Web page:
TW: For offensive language such as homophobic and ableist slurs.
As I've read more and more things on the internet, I've encountered, for the first time in my life, the idea that the words 'crazy' and 'insane' are offensive words. Not in the sense of being offensive as insults, but in the same sense of how 'retarded,' 'gay,' and 'faggot' are offensive. And honestly, it's a concept I'd never encountered before the last few months, which at first made me feel like it was dumb, like it was political correctness going too far, that it was using those words in a metaphoric sense.
But the more I thought about it, I couldn't feel good about using those words when I don't use 'retarded' and 'gay' to mean stupid or boring, and how I hate even the sound/appearance of the synonym for british cigarettes. It's the same thing, it just offends different groups. All of the things I've ever argued for not using gay-bashing words, that applies to words that stem from mental health slurs.
So, I intend to try and avoid saying 'lame,' 'crazy' or 'insane' anymore, excepting the cases where either lame or insane is applicable in the sense of an injured person or animal, or someone with an actual mental health condition. If I don't I can't help but feel like a hypocrite, and I don't want to feel that way.
No, I will not be demanding others stop using the words, yelling at people, or boycotting things that use those words. For one, I'm going to slip up a lot, these words are in my common lexicon. It will take quite a while for my own attempt to censor these words from my everyday vocabulary to become habit. For another, a lot of people don't realize what they're saying. I might let them know that what they're saying might hurt someone, but I'm not going to be angry to someone without attitude/tone setting me off as well. And lastly, this is just my personal decision. I might think it's a good decision to make, but I can't make it for anyone else. For an example, I loved the South Park episode that talked about redefining offensive words that have always had changing definitions, and they make a really solid point-but it's not something I'm personally going to do. (Because, like I said, I hate that word.)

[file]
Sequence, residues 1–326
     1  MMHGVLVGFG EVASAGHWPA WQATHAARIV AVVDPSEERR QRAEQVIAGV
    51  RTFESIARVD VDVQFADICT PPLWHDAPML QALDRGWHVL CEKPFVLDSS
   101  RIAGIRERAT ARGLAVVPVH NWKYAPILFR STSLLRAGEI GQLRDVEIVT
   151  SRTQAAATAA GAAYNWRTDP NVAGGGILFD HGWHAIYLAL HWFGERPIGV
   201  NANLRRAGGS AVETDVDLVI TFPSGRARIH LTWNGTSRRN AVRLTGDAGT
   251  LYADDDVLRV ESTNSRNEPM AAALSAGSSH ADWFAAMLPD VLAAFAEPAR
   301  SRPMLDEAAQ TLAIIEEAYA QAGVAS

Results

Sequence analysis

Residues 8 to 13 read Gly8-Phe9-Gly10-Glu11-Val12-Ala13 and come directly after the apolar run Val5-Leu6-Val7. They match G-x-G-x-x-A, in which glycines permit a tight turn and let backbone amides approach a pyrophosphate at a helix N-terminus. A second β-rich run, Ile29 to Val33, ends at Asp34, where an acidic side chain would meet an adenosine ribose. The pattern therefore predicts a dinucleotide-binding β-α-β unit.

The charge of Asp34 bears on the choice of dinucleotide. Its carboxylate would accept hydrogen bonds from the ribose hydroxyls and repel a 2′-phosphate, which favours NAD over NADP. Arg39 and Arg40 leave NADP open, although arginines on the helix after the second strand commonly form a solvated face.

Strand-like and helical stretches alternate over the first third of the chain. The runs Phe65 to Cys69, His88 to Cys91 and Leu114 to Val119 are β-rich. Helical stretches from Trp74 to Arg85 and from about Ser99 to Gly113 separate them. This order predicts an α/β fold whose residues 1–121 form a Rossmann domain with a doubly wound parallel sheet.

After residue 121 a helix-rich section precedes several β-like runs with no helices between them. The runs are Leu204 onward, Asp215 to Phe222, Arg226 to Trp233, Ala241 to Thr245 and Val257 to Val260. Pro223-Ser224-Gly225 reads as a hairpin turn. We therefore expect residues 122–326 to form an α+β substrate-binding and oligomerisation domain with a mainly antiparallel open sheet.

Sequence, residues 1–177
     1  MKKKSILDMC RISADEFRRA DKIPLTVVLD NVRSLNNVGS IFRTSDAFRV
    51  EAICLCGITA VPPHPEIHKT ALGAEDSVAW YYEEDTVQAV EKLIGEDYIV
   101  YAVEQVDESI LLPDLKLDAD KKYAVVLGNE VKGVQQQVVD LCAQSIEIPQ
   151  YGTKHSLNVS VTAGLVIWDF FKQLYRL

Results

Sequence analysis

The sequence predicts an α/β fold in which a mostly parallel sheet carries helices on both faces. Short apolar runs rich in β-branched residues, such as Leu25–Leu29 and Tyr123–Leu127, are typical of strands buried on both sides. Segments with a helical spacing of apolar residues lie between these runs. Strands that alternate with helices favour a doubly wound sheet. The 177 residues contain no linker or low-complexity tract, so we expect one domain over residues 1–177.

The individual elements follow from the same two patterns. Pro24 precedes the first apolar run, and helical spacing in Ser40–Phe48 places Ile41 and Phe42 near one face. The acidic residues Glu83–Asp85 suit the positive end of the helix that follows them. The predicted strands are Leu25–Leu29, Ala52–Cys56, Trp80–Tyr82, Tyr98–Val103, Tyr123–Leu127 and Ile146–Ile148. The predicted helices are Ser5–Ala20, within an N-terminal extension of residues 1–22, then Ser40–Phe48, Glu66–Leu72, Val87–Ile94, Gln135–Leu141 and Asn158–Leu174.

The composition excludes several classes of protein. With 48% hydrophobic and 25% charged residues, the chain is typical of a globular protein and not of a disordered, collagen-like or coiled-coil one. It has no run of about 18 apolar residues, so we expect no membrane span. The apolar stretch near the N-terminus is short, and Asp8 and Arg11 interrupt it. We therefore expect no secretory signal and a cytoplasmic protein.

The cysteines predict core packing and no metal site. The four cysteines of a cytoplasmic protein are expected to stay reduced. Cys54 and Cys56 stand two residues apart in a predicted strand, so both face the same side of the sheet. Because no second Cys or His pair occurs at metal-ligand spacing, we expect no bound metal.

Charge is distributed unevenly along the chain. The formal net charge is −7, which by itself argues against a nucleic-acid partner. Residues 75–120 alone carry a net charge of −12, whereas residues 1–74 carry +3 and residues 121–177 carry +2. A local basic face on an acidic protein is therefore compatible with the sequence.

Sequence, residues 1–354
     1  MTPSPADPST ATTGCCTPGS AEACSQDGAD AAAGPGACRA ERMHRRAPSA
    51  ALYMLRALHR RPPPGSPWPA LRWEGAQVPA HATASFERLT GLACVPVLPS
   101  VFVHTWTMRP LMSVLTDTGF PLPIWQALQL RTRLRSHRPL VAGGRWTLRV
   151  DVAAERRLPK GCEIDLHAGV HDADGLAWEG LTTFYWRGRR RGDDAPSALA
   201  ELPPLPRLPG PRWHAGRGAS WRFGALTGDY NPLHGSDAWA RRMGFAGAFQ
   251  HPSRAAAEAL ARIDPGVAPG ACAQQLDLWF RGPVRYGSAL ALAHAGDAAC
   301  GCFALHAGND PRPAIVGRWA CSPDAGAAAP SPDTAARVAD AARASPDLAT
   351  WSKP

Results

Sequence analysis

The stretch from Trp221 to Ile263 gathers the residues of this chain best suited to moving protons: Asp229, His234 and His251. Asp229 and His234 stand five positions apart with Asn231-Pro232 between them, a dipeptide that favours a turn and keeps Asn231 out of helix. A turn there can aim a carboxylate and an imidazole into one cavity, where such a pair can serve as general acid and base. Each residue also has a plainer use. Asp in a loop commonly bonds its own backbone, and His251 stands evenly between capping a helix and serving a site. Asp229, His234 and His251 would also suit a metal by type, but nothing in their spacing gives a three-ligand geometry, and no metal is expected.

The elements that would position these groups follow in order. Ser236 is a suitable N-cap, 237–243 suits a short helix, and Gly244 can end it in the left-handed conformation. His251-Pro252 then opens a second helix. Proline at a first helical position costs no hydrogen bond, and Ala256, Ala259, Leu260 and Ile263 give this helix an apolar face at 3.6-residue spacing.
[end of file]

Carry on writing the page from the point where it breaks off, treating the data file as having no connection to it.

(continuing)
Some other resources that talk about this:
The Crazy Doesn't Equal Series [Carries a trigger warning, written by DesertRose, who has PTSD and schizoaffective disorder, on Shakesville]
Word Profile on 'crazy' [Written by RMJ on Disabled Feminists]
Changing Ableist Language [Written by Jill on Feministe]